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Corn sugar amounts

Bottling my first all grain one gallon sample batches. They are New England IPAs DDH with an ABV ranges between 6 & 8…any suggestions on sugar amounts to carbonate?

I’m not a whiz at finding stuff on here, but, there are conversations about using domino sugar cubes for priming each bottle… If you look and have the time… you’ll find it. Sneezles61

I would carbonate a beer like that to 2.6 volumes. Not over the top but enough for a good head to bring out the aroma.
I use this calculator to help with sugar amounts. I’m dissolving the sugar in a couple cups of water and adding to the bottling bucket for 5 gallons of beer. Never bottled smaller amounts so no experience adding sugar to each bottle.

A Domino Dot sugar cube in a 12 ounce bottle will yield about 2.4 volumes of CO2. The “Dots” are 198 pieces to the pound. The larger standard cube will not fit through the mouth of a bottle.

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Thanks I never knew about that calculator! Can you explain what the volumes mean?

2 tablespoons per gallon. But that’s exactly a gallon. If you actually have 3 quarts of bottleable beer, then 2 tablespoons is way too much and bottles might go boom.

I can’t give you a scientific explanation if there is really one for what a “volume” is. To me it is why a foot, or 12 inches, is the length it is. It is said to be that length because that was how long a (don’t know name) certain Kings foot was. (Might be a total myth.)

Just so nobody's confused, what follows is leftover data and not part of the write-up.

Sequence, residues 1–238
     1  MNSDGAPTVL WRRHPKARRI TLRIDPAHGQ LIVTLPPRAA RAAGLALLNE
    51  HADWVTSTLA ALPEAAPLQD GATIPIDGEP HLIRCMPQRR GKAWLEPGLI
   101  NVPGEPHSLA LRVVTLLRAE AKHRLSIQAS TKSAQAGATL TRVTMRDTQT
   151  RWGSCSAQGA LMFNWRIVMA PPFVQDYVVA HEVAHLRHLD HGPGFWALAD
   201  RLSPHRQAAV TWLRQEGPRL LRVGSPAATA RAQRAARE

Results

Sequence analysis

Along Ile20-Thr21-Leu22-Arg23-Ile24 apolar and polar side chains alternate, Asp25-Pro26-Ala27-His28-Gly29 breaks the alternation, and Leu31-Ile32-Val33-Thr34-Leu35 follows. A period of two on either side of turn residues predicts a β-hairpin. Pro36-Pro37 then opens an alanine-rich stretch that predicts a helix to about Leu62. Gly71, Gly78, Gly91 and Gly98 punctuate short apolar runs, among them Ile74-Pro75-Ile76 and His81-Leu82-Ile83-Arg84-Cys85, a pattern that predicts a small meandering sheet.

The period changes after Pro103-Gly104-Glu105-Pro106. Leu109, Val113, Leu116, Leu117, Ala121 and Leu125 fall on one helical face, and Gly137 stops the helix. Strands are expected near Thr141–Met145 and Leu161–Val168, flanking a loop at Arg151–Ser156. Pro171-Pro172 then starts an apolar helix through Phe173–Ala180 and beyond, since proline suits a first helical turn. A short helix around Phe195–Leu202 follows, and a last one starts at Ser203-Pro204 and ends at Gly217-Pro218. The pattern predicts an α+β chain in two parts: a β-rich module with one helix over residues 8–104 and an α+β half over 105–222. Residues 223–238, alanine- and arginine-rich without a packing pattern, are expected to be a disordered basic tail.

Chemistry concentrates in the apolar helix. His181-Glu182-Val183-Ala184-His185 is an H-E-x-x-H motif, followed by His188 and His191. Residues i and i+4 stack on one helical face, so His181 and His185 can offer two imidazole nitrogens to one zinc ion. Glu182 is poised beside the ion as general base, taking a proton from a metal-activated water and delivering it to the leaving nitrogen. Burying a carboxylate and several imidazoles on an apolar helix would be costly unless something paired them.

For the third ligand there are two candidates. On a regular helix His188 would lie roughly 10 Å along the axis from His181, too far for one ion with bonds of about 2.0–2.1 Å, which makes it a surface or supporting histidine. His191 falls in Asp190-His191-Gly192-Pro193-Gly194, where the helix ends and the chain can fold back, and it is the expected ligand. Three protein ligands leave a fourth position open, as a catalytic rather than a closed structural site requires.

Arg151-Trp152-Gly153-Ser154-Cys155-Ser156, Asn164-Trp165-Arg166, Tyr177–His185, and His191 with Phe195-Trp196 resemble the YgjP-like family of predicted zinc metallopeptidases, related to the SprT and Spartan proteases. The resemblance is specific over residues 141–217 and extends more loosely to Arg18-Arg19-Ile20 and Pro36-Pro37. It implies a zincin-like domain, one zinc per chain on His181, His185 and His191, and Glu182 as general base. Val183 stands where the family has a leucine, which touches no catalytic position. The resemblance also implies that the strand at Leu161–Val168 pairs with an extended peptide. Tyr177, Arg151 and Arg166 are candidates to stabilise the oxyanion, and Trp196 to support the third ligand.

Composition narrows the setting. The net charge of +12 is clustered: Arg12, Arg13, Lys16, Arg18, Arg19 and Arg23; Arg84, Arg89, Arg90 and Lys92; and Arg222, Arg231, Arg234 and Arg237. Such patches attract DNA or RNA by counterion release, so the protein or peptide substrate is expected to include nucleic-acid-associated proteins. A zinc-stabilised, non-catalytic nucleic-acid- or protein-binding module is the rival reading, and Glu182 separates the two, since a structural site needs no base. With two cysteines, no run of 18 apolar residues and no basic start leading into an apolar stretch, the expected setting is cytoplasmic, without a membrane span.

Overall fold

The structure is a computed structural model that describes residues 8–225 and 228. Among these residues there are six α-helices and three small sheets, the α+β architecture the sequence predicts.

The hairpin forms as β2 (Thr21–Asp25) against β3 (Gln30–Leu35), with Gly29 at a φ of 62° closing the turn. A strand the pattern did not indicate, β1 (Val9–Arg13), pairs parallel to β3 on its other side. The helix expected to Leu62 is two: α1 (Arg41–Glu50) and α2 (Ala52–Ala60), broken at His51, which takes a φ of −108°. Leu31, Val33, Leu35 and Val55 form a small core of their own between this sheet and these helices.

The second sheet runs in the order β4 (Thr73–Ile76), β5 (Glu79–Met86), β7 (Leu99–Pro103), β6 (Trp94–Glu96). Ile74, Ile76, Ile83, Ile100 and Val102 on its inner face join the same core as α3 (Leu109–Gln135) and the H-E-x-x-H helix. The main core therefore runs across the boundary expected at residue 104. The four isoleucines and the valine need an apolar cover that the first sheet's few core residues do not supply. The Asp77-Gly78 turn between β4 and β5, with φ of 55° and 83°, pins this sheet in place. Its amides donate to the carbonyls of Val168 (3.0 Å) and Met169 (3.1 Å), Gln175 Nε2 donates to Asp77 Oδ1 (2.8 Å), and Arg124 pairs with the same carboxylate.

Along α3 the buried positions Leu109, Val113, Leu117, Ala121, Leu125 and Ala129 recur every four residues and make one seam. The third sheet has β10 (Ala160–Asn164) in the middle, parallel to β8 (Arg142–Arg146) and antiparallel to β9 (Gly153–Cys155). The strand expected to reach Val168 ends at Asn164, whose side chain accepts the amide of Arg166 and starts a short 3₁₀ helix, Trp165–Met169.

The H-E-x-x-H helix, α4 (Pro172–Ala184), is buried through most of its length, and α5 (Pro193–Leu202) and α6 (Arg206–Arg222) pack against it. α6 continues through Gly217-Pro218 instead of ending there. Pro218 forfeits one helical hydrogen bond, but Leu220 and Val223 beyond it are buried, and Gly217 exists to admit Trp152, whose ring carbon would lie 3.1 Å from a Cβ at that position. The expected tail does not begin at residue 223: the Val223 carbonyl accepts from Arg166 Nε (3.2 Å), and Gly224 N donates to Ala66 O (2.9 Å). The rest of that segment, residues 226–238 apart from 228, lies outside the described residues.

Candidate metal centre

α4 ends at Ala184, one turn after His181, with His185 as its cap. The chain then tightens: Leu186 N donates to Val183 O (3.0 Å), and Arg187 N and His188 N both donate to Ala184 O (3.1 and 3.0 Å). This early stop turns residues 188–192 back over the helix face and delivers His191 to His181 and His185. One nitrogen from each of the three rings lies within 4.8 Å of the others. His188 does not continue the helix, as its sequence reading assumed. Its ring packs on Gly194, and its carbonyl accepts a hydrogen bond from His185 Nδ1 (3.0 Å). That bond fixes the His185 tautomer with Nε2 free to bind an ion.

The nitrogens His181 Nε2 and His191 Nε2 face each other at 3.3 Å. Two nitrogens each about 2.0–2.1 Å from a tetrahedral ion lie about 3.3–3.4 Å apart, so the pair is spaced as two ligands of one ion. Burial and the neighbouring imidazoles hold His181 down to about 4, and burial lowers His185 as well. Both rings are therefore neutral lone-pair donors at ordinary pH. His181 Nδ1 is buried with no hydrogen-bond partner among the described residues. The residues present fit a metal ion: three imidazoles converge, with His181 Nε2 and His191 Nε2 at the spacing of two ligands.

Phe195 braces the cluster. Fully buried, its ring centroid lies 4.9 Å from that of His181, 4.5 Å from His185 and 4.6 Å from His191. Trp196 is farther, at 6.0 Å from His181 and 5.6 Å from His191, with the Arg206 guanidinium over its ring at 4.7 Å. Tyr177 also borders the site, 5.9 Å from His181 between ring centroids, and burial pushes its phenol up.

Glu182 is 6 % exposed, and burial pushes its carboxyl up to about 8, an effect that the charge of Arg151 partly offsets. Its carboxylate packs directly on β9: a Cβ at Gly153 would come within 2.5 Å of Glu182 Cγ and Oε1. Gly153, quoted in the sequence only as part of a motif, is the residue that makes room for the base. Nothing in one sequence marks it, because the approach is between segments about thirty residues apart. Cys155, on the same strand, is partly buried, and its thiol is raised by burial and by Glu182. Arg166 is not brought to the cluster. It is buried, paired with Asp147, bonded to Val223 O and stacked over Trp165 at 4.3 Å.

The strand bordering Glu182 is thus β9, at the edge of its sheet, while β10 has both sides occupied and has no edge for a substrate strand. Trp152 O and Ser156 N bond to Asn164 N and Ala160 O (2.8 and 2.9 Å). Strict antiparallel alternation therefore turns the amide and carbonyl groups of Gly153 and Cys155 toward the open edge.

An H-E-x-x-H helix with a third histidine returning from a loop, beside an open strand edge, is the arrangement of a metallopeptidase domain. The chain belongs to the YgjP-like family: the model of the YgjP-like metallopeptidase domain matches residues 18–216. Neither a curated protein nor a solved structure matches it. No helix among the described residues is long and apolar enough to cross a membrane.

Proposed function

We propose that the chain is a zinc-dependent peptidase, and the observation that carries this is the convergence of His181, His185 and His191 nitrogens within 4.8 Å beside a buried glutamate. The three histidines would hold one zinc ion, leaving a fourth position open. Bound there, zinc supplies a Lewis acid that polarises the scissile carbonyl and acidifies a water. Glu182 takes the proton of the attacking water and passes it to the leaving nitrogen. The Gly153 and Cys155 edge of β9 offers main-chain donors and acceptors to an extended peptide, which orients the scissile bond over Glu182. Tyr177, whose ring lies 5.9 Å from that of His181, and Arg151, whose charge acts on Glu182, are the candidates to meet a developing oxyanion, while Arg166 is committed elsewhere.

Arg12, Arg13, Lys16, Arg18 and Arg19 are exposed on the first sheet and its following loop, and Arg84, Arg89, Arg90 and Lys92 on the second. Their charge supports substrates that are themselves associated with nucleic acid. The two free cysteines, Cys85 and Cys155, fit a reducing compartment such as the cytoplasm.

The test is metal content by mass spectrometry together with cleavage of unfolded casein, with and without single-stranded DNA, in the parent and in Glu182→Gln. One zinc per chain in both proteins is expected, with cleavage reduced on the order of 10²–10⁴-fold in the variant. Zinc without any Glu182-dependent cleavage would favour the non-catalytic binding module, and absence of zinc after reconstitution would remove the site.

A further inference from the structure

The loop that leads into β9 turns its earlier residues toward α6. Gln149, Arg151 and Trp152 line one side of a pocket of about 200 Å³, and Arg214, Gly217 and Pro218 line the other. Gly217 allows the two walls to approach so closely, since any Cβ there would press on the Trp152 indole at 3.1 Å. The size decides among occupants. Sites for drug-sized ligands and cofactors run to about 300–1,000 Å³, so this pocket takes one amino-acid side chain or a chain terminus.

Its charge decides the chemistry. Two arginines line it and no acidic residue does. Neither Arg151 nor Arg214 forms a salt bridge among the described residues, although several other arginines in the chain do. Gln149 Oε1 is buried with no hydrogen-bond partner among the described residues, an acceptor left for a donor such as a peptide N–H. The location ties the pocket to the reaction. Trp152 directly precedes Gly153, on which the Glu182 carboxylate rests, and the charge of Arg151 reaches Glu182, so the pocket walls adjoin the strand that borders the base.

I’ll refer you to this document. To me though a stout carbonated at 2.0 or less pours hardly any head. I like an American ale at 2.5 to 2.7. A really fizzy beer like a Hefeweizen at 3.0 to 3.2.

Volume is a ratio. It indicates the amount of space the CO2 would take up at “standard temperature and pressure” (in the atmosphere at 32 degrees F) relative to the amount of space the beer takes up. For example, if all of the CO2 dissolved in 5 gallons of beer carbonated to 3.0 volumes were given enough time to bubble out and escape into the atmosphere on a cold day, it would take up 15 gallons of space.

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Only thing I’d add, is that STP is …in the atmosphere at sea level at 32F.

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The host has a conversion table I use it all the time I bottled.

Standard atmosphere is 15°C, 59°F.

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